A Nye County Sheriff’s Office Animal Control officer was forced to euthanize a wild horse after the animal was struck by a vehicle on Thursday evening, March 18.
The incident occurred on Gamebird Road, near Malibou Avenue.
None of the occupants in the vehicle were seriously injured.
As a result of the circumstance, Bureau of Land Management Field Staff Ranger Ryan Gallagher said motorists should be on extra alert, especially when driving in the evening hours.
“On that stretch of road, the speed limit is 55 miles per hour and I think it’s incredibly easy to overdrive your headlights,” he said. “There’s several dark colored bays and black burros on that end of town. A little bit of eye-shine is all you get and it’s probably too late by then. That portion of roadway is completely within town for the most part, so it’s also hard to get people to be aware of wild horses and burros when they think they are driving in residential and commercial areas.”
For many years Nye County Animal Control officers have been dispatched to shoo the equines away from Highway 160 when they travel from the foothills, to graze in greener pastures in town.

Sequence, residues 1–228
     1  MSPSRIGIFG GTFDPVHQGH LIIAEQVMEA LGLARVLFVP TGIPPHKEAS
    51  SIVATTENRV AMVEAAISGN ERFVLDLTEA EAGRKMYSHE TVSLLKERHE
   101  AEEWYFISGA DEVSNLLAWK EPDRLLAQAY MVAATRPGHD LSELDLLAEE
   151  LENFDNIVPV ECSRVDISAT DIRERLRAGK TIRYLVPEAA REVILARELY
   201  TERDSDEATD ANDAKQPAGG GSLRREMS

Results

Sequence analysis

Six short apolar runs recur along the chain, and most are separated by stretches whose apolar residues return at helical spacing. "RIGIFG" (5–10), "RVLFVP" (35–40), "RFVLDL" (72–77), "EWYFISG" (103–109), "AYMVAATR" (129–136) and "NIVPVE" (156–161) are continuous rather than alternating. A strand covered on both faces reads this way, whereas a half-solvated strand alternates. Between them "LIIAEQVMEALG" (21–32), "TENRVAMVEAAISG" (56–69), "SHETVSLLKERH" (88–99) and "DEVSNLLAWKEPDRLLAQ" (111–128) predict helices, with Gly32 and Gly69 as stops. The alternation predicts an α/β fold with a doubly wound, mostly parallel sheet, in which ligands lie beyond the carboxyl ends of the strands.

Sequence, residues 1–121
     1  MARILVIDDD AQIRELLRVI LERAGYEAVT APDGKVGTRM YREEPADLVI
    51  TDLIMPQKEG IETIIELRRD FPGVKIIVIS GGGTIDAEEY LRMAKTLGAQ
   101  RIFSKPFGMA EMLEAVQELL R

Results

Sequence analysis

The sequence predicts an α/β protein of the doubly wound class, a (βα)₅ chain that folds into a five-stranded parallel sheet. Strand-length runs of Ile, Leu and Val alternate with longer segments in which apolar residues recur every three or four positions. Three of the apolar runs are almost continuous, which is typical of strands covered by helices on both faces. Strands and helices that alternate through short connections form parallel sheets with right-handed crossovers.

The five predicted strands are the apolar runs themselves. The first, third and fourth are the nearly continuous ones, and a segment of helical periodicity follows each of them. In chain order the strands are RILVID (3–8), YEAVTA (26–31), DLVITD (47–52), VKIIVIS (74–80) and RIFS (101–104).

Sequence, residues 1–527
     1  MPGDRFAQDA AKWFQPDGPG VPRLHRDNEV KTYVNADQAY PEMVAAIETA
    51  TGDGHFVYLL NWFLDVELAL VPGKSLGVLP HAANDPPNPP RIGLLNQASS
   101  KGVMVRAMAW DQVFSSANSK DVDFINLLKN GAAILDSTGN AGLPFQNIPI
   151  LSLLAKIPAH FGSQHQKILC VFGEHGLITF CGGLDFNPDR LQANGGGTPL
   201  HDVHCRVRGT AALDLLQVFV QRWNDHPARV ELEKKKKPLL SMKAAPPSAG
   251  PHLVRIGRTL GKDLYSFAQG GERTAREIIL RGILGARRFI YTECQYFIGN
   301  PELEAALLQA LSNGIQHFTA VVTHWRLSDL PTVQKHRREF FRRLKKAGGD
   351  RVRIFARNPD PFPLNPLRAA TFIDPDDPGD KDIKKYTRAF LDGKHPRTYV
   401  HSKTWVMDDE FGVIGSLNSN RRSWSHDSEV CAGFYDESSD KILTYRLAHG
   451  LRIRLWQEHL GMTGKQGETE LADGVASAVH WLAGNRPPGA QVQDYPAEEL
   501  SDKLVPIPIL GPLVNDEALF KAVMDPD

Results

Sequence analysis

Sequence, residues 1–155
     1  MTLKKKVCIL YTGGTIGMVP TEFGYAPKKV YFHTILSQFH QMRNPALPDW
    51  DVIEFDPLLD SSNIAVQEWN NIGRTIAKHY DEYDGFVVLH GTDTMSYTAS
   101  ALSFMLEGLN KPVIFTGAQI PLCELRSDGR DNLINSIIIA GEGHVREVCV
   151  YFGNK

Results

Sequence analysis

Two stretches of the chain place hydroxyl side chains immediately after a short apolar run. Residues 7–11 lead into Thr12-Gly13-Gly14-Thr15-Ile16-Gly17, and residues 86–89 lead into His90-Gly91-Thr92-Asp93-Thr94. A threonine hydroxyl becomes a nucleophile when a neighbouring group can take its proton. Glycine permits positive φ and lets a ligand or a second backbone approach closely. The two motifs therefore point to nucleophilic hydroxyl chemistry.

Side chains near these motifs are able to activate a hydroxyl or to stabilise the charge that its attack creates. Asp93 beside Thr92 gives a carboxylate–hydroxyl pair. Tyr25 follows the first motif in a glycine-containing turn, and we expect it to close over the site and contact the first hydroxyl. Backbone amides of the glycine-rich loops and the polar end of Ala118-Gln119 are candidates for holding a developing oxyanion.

As of late, the horses’ preferred choice has been the Calvada Eye, according to officer Levi Gregory, who also warned drivers to always remain vigilant.
“All we try to do is keep them off of the highway and get them where they can safely graze,” Gregory noted. “I’d like to see them out in the desert area to graze, but they seem to want to come in closer and cross the highway, and obviously it’s not good for them or the motorists.”
Aside from better grazing conditions closer into town, Gallagher noted that the animals are attracted to people who feed them, which at times, can remove the natural fear of humans.
As such, individuals can be cited and fined up to $500 for feeding the wild horses.
Earlier this month, BLM officials removed three wild horses from the Calvada Eye and transported them to a facility in Ridgecrest, California where they will be medically evaluated and eventually be put up for adoption.
For additional information on adopting a wild horse or burro, log onto https://www.blm.gov/whb
Contact reporter Selwyn Harris at firstname.lastname@example.org. On Twitter: @pvtimes